One of the first video of tapes of me that exists is this scene . . . it was the front yard of my parent’s house. I was tiny, maybe 3 years old. I wore cowboy boots, shorts, and a baseball cap (I guess I have always been aesthetically challenged). There was a miniature baseball mitt on my left hand.
My shoulders were slumped over and my knees bent, as I crouched waiting for baseballs to be hit my way. My next door neighbor and lifelong friend, Boone Benton (he is six years older than I am), did the hitting. Though I was thrilled with life at that exact moment, there were no smiles. I was the definition of focused intensity, at least for a 3-year old in cowboy boots and shorts.
Cards on the table; most of the balls went around my glove and through my legs, but I clearly loved it nonetheless. I would chase the ball down from behind me and throw it back to Boone with every bit of strength I could muster up. I didn’t mug for the camera. I just went about the business of honing the skills of a middle infielder.
The video is grainy and jumpy, but my memory is not.
Thinking of that video, two things come to mind about my youth. The first is superficial, while the second has impacted my life for the good well beyond my temporal comprehension.
First, I LOVED playing baseball (and football) growing up. It was my life and passion. Since I have chronicled some of this already (CLICK here), I will let this rest.
Second, my Dad was no doubt the one holding the camera and coaching me in my fielding technique (the video camera didn’t have sound, so I’m not completely sure).
In a world where fathers are often vacant, either physically or emotionally, mine was always present. He was always there for me.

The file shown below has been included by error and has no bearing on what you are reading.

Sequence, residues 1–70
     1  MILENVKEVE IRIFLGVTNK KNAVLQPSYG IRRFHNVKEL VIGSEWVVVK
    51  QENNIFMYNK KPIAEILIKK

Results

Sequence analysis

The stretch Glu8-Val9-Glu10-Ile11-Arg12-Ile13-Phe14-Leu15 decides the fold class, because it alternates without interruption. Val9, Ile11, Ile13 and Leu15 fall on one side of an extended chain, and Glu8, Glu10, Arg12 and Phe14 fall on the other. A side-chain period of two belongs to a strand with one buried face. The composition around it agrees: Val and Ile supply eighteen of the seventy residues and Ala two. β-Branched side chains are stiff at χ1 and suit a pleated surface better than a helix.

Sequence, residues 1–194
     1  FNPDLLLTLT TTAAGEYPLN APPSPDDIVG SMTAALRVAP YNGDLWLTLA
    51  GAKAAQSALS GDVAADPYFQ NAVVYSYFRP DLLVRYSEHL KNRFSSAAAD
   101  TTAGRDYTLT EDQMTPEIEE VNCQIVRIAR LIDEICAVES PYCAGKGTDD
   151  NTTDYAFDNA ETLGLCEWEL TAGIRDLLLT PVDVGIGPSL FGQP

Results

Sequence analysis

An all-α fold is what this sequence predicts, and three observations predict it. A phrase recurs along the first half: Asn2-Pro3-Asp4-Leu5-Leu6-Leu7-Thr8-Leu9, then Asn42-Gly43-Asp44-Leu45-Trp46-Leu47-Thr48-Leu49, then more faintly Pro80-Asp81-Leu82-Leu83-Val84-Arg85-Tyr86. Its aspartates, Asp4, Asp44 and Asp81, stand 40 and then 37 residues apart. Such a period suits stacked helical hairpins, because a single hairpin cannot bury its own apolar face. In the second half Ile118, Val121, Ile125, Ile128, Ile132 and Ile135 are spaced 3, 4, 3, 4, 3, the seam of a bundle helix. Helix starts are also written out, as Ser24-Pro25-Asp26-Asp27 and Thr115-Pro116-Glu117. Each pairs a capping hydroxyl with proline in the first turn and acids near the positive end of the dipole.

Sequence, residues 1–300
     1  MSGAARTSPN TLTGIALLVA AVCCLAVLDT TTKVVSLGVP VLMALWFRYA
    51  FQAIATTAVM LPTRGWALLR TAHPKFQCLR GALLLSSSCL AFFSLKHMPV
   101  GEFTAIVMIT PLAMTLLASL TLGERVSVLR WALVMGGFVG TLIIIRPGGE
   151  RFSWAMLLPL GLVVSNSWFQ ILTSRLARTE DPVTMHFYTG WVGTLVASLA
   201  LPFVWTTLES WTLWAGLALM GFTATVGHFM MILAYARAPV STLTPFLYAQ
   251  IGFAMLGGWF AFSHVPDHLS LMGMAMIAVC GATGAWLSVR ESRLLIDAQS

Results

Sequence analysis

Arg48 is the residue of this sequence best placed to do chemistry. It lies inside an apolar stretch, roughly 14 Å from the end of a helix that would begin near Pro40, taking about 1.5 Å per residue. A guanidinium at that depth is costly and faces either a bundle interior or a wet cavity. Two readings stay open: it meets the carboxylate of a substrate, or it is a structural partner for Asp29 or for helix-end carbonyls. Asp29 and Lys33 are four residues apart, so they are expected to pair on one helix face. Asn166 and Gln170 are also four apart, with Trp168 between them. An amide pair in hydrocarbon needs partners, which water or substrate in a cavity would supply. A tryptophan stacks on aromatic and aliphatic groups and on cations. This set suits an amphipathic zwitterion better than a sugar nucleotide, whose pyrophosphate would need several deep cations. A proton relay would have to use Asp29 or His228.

My Dad did a lot of things well in raising my sisters and me. However, I don’t think anything was more important than his consistent, steady, and stabilizing presence.
Dad worked hard at his job. He was good at it. Dad had many friendships which he valued and for which he sacrificed. Dad was a good son to his aging parents. However, our family was always his priority. This was never in doubt.
As soon as I was off to college as the last child, the golf clubs came out and the trips to Florida became more frequent. This was never the case when I was a kid, though. There just wasn’t enough time for everything. Hobbies for him were non-existent for that stage in his life. Looking back, he chose his time wisely, and for this I am eternally grateful.
Now I have the joy of having two brothers-in-law whom are tremendous dads to my eight nieces and nephews. Like me at their age, I’m sure they don’t see this now, but Bill and Kevin are also always present. I’m proud of Bill and Kevin for many reasons, but none more than the simple fact that they have always prioritized their children. They will never regret this and neither will their kids.
Dad’s birthday is next week and I will miss it again. By my count, this will be the 11th birthday of his I have missed while living overseas.
In a way, I honestly believe the blessing of my father’s presence is one of the many factors which has enabled me to move out in faith towards my chosen profession. His presence provided me with the confidence and emotional security to work and live in the situation I have here in Asia for much of my adult life.
It is often said that we perceive our heavenly Father, God, in light of how we view our earthly fathers. While I have my fair share of struggles, doubting the presence of God is not one of them. No matter the situation, location, and/or perceived danger, I always have confidence in God’s presence with me. Even in personal pain and other such areas, I know God is with me. No doubt, this is one of the legacies of my earthly father always being present in my life. I look forward to seeing how this factor will manifest itself in the lives of my nieces and nephews (sorry Becky and Betsy!).
I’m certain that my living overseas is hard on Mom and Dad. I know it is on me. I can only imagine what it is like for my parents. While I was fielding grounders in the front yard, cowboy boots and all, I’m certain it was not their dream for me to move 12,000 miles away from them. I’m sure this has been a painful “letting go” for them.
However, on this my Dad’s birthday, I am grateful for his simple, yet profound presence in my life. Though is looks different now, it is still as important as ever.
Thanks Dad. I love you.
Have a great birthday and I owe you a breakfast at the Hickory House when I am next home!
(In this post, Epic birthday surprise, I explain the picture of Dad and I hugging at the beginning of this post.)